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SIV Data Raise Concern on Oral-Sex Risk

Science  07 Jun 1996:
Vol. 272, Issue 5267, pp. 1421-1422
DOI: 10.1126/science.272.5267.1421

Summary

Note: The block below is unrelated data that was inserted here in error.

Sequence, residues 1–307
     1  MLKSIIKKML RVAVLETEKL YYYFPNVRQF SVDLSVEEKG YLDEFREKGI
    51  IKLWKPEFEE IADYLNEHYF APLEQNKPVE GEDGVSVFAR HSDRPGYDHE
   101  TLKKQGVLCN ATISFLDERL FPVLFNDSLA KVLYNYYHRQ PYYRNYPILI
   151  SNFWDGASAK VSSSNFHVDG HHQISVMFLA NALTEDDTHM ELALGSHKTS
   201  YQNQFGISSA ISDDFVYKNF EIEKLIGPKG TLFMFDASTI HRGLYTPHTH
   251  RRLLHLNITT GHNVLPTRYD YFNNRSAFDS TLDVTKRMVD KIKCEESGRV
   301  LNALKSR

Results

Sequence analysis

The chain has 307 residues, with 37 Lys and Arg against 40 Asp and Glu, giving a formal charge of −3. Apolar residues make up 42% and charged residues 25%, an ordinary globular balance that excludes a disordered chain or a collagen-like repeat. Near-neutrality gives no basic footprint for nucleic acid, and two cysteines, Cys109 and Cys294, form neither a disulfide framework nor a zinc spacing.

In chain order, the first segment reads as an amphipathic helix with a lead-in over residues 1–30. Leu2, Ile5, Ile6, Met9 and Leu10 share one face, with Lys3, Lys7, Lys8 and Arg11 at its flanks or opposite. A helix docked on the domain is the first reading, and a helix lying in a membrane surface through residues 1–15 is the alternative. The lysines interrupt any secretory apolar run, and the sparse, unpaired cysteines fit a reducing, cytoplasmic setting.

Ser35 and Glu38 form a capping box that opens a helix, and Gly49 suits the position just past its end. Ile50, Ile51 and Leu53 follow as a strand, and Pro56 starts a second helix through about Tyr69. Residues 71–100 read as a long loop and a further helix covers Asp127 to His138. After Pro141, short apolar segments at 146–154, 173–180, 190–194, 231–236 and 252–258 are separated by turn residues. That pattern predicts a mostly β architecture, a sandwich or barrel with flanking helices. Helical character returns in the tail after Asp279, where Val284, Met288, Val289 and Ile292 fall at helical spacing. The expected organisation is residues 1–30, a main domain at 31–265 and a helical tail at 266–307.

The results of a monkey study, reported in this issue on page 1486, may lead to a reexamination of the risk of HIV infection from a practice that has seemed relatively safe: oral sex. The new study, headed by oncologist Ruth Ruprecht of the Dana-Farber Cancer Institute, found that six of seven monkeys became infected by SIV when the virus was placed gently on the backs of their tongues. Even more surprising: The minimum dose needed to infect monkeys with this strain of SIV was 6000 times lower than the minimum dose needed to infect them via the rectum. The amount of SIV needed to establish an infection was still relatively high and, as the paper underscores, it is highly unlikely that anyone could become infected by HIV from casual contact, such as kissing or sharing a fork. But Ruprecht says: “Given enough inoculum, the oral route can lead to infection.”

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